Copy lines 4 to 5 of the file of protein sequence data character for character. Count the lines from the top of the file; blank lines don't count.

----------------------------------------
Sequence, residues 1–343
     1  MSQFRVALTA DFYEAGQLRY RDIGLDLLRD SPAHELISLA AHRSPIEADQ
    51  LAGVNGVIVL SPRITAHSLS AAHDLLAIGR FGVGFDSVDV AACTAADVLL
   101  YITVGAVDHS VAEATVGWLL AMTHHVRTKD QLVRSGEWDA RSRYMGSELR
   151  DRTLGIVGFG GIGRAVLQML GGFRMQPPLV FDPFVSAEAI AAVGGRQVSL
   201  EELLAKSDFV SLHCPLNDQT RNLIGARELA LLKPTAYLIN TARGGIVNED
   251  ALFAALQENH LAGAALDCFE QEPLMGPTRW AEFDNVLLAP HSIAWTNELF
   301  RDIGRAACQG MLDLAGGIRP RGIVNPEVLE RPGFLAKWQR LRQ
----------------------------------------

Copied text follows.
   101  YITVGAVDHS VAEATVGWLL AMTHHVRTKD QLVRSGEWDA RSRYMGSELR
   151  DRTLGIVGFG GIGRAVLQML GGFRMQPPLV FDPFVSAEAI AAVGGRQVSL